A 2016 study published in the journal JAMA Pediatrics and conducted by a doctor at the University of Colorado Anschutz Medical Campus found that the average rate of marijuana-related visits to the children’s hospital increased from 1.2 incidents per 100,000 children two years prior to marijuana legalization to 2.3 incidents per 100,000 children two years after legalization. Pediatric marijuana cases at regional poison control centers in Colorado increased more than five-fold from nine in 2009 to 47 in 2015, the study found. During that time, Colorado saw an average 34 percent increase in regional poison control cases per year compared to a 19 percent increase in the rest of the United States. Bhutta said marijuana exposure calls to Colorado poison control centers appear to be on the decline since 2015. Colorado, which began legal marijuana sales in 2014, has updated its regulations around packaging and marketing after the first couple of years of legal marijuana revealed issues.
Since 2015 the Centennial State has required marijuana products to be sold in childproof packaging and in 2016 banned edible marijuana products in the shape of humans, animals or fruits, which had made them attractive to children. CCC Chairman Steven Hoffman said Tuesday the commission was mindful of the issues other states have had with exposure of marijuana products to children as it crafted the rules for Massachusetts.
The Conservative Case For Legalizing Marijuana
Marijuana legalization is an issue that unites people across the political aisle. Regardless of whether one accepts the individual-liberty case for legalizing marijuana, the consequentialist case is convincing. Marijuana is a drug, as abusable as any intoxicant is, and its long-term use is in some people associated with undesirable effects. A great many people will avoid being convicted of crimes for a relatively benign recreational indulgence – and those criminal convictions often have much more severe long-term consequences on pot-smokers’ lives than marijuana does. Perhaps most important, the legalization of marijuana in Colorado – and the push for its legalization elsewhere – is a sign that Americans still recognize some limitations on the reach of the state and its stable of nannies-in-arms.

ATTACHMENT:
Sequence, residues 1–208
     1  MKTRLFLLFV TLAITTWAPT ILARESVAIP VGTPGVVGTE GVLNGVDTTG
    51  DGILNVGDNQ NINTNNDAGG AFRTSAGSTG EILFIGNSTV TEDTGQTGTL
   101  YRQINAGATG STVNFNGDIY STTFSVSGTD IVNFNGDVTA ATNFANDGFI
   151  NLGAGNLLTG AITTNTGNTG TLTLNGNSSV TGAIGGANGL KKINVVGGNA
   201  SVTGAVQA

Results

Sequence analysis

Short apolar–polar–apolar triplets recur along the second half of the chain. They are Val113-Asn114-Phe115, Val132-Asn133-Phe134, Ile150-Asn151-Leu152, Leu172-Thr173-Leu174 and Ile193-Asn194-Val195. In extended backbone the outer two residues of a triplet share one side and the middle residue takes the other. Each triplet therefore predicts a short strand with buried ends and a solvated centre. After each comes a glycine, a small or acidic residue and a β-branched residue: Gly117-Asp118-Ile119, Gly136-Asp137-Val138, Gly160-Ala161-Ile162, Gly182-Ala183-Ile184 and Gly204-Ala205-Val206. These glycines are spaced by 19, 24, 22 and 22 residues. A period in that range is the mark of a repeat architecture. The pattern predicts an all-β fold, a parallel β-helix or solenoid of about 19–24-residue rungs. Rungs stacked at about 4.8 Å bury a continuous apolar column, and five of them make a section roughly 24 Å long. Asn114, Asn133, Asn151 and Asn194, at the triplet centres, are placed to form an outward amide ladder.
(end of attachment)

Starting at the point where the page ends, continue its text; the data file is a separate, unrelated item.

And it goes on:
To a large degree, this is due to the influence of William F. Buckley Jr. himself, who seemed to have held a largely libertarian view on the issue of marijuana use and was rumored to have sailed out beyond the territorial limits of the United States on at least one occasion to give smoking marijuana a try. Although there is a perfectly respectable case against using marijuana, the penalties imposed on those who reject that case, or who give way to weakness of resolution, are very difficult to defend. Most transgressors caught using marijuana aren’t packed away to jail, but some are, and in Alabama, if you are convicted three times of marijuana possession, they’ll lock you up for 15 years to life.
Professor Ethan Nadelmann, of the Drug Policy Alliance, writing in National Review, estimates at 100,000 the number of Americans currently behind bars for one or another marijuana offense. Critics of reform do make a pretty plausible case when they say that whatever is said about using marijuana only for medical relief masks what the advocates are really after, which is legal marijuana for whoever wants it. An estimated 100 million Americans have smoked marijuana at least once, the great majority, abandoning its use after a few highs. A Boston commentator observed years ago that it is easier for an 18-year old to get marijuana in Cambridge than to get beer.